A University of Oklahoma graduate student is the first recipient of a national award from the American Physical Society for outstanding dissertation in theoretical particle physics. Andre Lessa attended OU on the Brazil CAPES Fulbright Fellowship from 2008 to 2011.
The APS J.J. and Noriko Sakurai Dissertation Award in Theoretical Particle Physics recognizes exceptional young scientists who have performed original doctoral thesis work of outstanding scientific quality and achievement in the area of theoretical particle physics. Lessa will present results from his thesis at a special awards session of the spring APS meeting in Atlanta, Ga. on April 3.
Lessa performed work on his doctoral thesis under the supervision of Howard Baer, Homer L. Dodge Professor of High Energy Physics in Arts and Sciences. During his time at OU, Lessa published 13 scholarly articles on aspects of particle physics and cosmology in various international journals. He defended his thesis in July 2011 and graduated from OU in August 2011.
Most in the physics community believe “dark matter” or the dominant form of matter that fills the universe is comprised of weakly interacting massive particles or WIMP particles. Searches for WIMPS include the IceCube neutrino telescope located at the South Pole, space spaced antimatter and gamma-ray detections, noble liquid detectors located a mile or more deep underground, and the Large Hadron Collider at CERN.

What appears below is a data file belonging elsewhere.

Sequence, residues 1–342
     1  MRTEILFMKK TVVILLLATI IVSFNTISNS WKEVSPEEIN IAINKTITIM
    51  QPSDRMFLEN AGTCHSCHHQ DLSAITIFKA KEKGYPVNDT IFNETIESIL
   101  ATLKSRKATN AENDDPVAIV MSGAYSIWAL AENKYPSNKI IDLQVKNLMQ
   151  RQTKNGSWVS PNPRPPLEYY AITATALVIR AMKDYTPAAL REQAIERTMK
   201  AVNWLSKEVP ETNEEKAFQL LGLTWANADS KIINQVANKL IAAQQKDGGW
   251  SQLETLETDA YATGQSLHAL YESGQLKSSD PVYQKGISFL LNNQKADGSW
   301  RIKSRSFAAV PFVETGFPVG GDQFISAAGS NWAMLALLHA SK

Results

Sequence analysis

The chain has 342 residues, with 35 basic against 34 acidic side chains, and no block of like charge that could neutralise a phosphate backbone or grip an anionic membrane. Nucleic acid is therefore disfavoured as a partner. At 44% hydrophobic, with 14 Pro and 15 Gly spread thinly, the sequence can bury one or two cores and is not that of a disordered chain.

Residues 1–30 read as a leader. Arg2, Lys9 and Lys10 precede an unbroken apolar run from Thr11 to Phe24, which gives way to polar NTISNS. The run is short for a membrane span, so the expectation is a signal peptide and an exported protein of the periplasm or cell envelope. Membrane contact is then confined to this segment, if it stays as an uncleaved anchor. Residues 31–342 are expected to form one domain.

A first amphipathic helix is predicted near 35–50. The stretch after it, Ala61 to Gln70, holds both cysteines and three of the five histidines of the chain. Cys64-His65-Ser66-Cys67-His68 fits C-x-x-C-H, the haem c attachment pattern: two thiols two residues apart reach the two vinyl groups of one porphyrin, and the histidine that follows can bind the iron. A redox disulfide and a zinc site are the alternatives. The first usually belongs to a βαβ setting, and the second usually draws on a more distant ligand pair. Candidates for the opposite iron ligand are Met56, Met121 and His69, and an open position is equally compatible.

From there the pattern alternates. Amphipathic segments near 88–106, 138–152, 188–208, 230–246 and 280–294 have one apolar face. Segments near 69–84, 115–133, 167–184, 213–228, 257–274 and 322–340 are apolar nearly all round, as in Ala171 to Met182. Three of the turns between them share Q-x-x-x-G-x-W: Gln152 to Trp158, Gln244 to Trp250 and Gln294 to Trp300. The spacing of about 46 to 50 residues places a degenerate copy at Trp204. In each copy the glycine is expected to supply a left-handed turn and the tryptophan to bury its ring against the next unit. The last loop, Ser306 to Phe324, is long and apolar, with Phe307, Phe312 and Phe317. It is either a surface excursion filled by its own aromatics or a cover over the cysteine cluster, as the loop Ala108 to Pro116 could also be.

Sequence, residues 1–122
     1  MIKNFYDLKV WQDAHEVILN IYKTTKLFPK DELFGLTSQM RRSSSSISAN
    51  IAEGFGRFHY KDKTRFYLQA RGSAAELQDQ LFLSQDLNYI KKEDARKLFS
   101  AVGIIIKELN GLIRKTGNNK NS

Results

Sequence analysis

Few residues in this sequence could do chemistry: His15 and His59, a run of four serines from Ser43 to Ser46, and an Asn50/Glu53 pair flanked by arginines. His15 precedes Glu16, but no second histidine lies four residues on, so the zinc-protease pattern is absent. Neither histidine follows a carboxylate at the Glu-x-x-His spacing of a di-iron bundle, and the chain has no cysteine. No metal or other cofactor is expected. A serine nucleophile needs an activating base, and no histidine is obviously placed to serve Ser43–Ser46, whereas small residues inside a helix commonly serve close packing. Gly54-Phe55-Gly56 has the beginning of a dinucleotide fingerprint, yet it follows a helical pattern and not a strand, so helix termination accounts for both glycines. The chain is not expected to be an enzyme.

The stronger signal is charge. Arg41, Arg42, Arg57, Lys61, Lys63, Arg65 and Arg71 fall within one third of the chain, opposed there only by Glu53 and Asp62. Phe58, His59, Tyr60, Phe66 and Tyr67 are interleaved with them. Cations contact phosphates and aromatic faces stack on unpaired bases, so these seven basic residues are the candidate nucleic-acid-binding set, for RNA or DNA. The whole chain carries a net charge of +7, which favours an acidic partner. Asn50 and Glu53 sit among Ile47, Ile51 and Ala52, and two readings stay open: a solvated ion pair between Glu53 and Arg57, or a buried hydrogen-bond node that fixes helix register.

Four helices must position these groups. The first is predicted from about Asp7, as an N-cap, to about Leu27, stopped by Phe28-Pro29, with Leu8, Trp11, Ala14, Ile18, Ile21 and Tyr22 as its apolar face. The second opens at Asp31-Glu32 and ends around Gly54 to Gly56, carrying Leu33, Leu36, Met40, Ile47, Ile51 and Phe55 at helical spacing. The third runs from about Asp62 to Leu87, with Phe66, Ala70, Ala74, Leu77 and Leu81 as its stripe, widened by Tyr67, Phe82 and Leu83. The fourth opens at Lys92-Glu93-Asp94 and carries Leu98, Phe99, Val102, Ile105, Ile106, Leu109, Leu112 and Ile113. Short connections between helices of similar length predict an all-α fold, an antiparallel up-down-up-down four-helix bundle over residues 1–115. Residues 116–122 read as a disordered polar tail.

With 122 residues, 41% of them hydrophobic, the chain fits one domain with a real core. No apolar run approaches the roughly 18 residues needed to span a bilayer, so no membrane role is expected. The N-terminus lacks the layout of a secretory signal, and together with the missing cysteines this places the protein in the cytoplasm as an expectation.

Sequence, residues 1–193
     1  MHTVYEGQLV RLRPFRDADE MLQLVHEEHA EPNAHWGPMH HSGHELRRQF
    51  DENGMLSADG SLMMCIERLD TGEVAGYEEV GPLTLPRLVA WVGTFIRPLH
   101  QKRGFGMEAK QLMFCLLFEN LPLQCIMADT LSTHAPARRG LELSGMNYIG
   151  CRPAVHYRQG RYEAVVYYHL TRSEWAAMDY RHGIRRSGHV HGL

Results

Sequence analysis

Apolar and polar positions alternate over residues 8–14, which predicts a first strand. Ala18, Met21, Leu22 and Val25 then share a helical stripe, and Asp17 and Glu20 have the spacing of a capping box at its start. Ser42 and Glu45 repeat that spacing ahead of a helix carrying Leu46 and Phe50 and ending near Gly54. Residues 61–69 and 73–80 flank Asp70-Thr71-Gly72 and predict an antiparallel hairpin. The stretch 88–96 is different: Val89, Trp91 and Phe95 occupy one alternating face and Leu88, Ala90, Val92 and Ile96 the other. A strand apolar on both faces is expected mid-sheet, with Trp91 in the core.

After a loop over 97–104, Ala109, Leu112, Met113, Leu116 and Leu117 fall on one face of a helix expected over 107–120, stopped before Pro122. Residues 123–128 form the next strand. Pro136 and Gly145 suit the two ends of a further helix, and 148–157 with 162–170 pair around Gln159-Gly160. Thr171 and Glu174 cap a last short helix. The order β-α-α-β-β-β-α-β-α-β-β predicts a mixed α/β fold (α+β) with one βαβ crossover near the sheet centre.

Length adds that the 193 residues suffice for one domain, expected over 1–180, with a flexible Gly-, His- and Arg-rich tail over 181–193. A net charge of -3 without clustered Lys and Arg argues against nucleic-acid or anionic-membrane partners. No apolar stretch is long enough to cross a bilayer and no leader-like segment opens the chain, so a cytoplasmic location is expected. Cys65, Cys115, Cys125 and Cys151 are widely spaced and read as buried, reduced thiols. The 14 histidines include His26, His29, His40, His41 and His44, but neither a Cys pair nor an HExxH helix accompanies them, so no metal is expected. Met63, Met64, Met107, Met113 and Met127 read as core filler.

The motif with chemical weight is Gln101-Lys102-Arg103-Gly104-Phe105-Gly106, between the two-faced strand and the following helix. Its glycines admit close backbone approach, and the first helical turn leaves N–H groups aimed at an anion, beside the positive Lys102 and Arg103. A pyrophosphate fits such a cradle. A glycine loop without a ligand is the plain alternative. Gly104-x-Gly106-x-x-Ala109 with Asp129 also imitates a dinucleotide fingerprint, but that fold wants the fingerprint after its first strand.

Lessa’s thesis explores dark matter as a mixture of two different particles: the axion, which is predicted by an elegant solution (Peccei-Quinn or PQ symmetry) to a vexing problem in nuclear physics known as the strong CP problem and the lightest particle of supersymmetry (LSP) theories. The dark matter that arises out of just PQ symmetry or just supersymmetry (SUSY) seems beset by problems.
By including both PQ and SUSY in his thesis, a much more intricate picture of dark matter emerges. Lessa calculates production rates for mixed axion/LSP dark matter in the early universe and matches to observed values. He shows that mixed axion/LSP dark matter ameliorates the above mentioned problems and goes on to discuss how to test the theory based on WIMP and axion detection experiments and via SUSY searches at the LHC.
Lessa was selected for this award from a distinguished field of nominees that included students from many Ivy League universities. He is currently a postdoctoral associate at the University of Sao Paolo in Brazil.
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